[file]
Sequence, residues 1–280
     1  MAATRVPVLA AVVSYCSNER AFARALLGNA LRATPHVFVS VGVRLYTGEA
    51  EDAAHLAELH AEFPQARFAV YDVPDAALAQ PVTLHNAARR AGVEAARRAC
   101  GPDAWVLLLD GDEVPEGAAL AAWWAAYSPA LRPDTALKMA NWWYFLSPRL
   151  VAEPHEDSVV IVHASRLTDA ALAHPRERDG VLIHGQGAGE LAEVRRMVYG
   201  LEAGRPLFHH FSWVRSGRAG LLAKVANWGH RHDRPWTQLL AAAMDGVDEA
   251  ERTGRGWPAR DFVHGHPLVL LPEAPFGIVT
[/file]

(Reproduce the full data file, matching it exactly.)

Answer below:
Sequence, residues 1–280
     1  MAATRVPVLA AVVSYCSNER AFARALLGNA LRATPHVFVS VGVRLYTGEA
    51  EDAAHLAELH AEFPQARFAV YDVPDAALAQ PVTLHNAARR AGVEAARRAC
   101  GPDAWVLLLD GDEVPEGAAL AAWWAAYSPA LRPDTALKMA NWWYFLSPRL
   151  VAEPHEDSVV IVHASRLTDA ALAHPRERDG VLIHGQGAGE LAEVRRMVYG
   201  LEAGRPLFHH FSWVRSGRAG LLAKVANWGH RHDRPWTQLL AAAMDGVDEA
   251  ERTGRGWPAR DFVHGHPLVL LPEAPFGIVT